Next to the wide l-shaped desk in the warehouse’s office area is a rickety mini-putting green with flecks of dust and lint scattered on its surface. It’s been lying in the warehouse since before Baird joined the team, and they seem to be in no rush to clear it out. 

The Surplus Property warehouse has been reorganized in recent months after bringing in a new manager and student worker. (Emory Davis)

“We keep that there so Joe can work on his putt when he gets a break,” joked Baird. “He’s still figuring out what we’re gonna do with that.” 

Everything in the warehouse is nicely organized. Related items are stored together and consolidated for accessible browsing. It wasn’t always like this. 

Surplus Property’s operations were put on hiatus for a period while Procurement Services revised its policies and inventory procedures; the COVID-19 pandemic came on top of this, amplifying the effects of the backlog, said Baird.

With work back in full-swing, the new protocols and revamped team are keeping things orderly.

One of Andrew’s first ideas when coming on board was creating an Instagram account to expand the office’s outreach. Since opening the account, which currently has over 170 followers, the service has attracted more visitors, Andrews and Baird agreed.

For ‘anyone and everyone’

When Emma Prostko, a fourth-year visual communication design student, moved into a new apartment with her roommates this summer, they were looking for a storage fixture to put their jackets and other belongings in when they walk in the door. Prostko’s recent discovery of Surplus Property’s new Instagram account sprung to mind as a place to look. 

A three-door locker set posted on the auction website fit what they were looking for. It also piqued their taste for nostalgic decoration ideas. Now, the unwieldy, school building-esque lockers sit in the group’s common area—emblazoned with stickers—each roommate having their own locker to personalize and use as desired. They bought the lockers in an auction for three dollars.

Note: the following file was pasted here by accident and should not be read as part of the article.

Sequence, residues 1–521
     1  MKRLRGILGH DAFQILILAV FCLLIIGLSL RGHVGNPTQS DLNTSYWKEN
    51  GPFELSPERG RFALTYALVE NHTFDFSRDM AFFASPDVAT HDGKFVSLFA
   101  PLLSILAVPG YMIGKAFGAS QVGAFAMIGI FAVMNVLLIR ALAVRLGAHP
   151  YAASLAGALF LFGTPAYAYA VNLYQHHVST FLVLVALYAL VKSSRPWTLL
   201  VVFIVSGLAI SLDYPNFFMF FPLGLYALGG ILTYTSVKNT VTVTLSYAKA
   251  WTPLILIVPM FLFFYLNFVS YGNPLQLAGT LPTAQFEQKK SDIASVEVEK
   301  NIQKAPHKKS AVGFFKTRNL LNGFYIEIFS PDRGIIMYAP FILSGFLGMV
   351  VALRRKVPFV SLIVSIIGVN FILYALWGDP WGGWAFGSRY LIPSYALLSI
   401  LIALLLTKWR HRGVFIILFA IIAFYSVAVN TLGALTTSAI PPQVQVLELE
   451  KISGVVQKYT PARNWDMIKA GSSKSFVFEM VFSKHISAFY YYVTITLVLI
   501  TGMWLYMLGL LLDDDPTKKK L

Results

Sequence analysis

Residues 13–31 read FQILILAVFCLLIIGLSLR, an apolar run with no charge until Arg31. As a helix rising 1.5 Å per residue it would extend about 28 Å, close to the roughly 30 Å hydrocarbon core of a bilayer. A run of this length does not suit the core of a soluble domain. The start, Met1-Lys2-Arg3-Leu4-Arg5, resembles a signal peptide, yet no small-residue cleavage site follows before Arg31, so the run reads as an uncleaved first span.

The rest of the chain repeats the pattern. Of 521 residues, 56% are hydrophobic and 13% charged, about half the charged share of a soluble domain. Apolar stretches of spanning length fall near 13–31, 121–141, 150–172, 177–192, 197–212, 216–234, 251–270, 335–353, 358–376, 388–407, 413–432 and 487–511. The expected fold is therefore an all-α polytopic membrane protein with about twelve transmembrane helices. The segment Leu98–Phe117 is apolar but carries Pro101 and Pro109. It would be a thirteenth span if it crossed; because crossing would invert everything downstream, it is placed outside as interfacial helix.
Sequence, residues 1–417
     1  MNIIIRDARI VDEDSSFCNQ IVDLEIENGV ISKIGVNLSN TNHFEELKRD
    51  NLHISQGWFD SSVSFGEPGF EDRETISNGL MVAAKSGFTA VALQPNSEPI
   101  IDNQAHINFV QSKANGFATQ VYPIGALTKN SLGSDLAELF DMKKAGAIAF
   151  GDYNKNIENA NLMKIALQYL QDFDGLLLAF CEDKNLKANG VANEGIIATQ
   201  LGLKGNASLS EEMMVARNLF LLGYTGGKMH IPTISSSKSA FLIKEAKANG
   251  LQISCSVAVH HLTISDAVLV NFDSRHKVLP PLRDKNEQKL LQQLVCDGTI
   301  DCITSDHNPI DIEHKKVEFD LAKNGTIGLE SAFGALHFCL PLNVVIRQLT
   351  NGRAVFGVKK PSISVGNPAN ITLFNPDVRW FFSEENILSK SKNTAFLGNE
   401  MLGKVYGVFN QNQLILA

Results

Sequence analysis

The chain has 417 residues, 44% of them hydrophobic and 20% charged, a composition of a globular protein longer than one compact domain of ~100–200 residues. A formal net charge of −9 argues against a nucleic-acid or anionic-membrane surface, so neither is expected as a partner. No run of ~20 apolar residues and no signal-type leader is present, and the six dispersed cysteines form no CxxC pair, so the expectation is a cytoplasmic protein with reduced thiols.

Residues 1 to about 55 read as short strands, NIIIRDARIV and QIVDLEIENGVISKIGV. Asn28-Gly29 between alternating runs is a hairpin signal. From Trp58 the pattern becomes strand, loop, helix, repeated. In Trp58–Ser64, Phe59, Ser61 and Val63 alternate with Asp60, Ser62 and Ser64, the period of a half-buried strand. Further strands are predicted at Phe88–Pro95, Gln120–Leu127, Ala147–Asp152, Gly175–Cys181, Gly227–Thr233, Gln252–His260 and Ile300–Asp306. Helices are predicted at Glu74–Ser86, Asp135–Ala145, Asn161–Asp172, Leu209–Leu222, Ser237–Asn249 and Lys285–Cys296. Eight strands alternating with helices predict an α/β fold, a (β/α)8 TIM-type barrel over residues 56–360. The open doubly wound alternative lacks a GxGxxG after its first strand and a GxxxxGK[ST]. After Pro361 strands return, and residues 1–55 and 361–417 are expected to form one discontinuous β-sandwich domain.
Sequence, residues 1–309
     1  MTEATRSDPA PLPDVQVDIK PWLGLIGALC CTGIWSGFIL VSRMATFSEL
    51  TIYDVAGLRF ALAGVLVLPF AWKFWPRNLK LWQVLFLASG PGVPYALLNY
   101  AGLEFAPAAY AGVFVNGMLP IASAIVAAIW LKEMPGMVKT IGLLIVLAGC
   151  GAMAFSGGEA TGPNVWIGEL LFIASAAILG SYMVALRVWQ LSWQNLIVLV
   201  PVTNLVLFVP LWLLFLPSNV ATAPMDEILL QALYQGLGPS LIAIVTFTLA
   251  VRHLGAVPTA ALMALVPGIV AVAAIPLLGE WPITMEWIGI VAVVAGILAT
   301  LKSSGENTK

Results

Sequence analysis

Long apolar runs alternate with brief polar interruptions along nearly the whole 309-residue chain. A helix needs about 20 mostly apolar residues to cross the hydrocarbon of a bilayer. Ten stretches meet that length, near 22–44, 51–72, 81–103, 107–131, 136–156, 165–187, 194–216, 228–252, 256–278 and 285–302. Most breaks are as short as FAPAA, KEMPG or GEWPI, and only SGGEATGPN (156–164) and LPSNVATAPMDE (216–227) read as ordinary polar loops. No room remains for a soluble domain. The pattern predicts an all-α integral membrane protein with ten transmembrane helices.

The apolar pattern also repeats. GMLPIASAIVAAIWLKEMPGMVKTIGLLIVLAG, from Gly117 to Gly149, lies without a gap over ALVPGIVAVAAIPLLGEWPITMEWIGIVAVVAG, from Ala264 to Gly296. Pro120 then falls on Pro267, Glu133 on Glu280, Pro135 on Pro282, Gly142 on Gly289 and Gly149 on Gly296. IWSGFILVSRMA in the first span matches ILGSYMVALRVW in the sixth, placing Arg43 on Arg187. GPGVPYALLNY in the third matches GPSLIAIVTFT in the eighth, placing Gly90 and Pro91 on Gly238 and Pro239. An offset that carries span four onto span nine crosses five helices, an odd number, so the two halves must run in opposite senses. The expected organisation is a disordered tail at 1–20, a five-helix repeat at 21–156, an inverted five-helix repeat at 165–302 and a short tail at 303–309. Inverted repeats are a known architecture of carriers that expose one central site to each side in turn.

“Instead of having a coat closet out in the common area, we were like, ‘that might be a little bit cuter,’” said Prostko. 

Cost-efficiency is a commonly cited merit of the resource.

Ben Huber, shop technician and project coordinator in the Sculpture and Ceramics program, browses Surplus Property’s inventory regularly throughout the year to find equipment like tables, chairs and shelves to meet the program’s needs without draining their lean operational budget. 

The Sculpture and Ceramics budget has been distilled in recent years to be composed mainly of funds generated through student-paid class fees, said Huber, who oversees the acquisition and maintenance of the program’s materials. He tries to allot as much of the limited budget towards craft materials that enhance the learning experience. Getting practical items, like furniture, for free through Surplus Property enables them to stretch their budget further, he said.

“I try to make sure that those class fees are going directly to material they’re going to take home after, like materials they’re going to use for projects,” said Huber. 

One of Huber’s best finds from Surplus Property was a mammoth stainless steel sink with counter space and under-shelving. It was an upgrade from the small vinyl countertop and kitchen-style sink it replaced, practically tripling its counter space while providing industrial quality suited for the dusty environment. 

While modest facility improvements aren’t always glamorous, the practical and budgetary impacts are leveled to make a difference for students, said Huber. 

Surplus Property is for “anyone and everyone,” according to Baird. As the resource brings in visitors from both on and off campus, more and more items are getting a second chance.